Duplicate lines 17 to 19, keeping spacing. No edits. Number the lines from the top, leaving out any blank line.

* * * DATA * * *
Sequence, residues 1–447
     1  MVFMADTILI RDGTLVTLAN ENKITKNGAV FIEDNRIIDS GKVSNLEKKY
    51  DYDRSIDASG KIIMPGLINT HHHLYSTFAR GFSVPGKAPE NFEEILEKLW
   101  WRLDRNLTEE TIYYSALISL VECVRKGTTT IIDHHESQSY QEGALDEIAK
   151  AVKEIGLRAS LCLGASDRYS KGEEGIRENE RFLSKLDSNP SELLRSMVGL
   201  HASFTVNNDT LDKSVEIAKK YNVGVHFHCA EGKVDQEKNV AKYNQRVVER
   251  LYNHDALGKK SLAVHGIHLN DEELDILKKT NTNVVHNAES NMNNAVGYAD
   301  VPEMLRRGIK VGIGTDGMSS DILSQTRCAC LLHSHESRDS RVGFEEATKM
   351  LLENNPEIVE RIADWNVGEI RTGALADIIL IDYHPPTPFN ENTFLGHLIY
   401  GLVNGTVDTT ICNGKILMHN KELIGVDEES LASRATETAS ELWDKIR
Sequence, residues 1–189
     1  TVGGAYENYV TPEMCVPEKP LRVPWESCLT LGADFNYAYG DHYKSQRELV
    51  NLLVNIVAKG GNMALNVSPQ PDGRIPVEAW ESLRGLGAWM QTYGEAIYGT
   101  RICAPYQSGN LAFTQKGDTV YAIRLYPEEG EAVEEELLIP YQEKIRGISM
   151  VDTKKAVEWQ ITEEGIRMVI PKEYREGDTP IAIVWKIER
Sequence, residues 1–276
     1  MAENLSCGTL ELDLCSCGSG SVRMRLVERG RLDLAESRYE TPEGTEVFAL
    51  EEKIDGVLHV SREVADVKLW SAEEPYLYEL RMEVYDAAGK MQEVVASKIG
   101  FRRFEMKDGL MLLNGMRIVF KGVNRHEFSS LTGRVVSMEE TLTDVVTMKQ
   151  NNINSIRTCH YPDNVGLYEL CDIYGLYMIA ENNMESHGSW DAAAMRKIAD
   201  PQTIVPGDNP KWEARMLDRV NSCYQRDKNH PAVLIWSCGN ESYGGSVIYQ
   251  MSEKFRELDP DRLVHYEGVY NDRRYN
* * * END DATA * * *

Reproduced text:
     1  MAENLSCGTL ELDLCSCGSG SVRMRLVERG RLDLAESRYE TPEGTEVFAL
    51  EEKIDGVLHV SREVADVKLW SAEEPYLYEL RMEVYDAAGK MQEVVASKIG
   101  FRRFEMKDGL MLLNGMRIVF KGVNRHEFSS LTGRVVSMEE TLTDVVTMKQ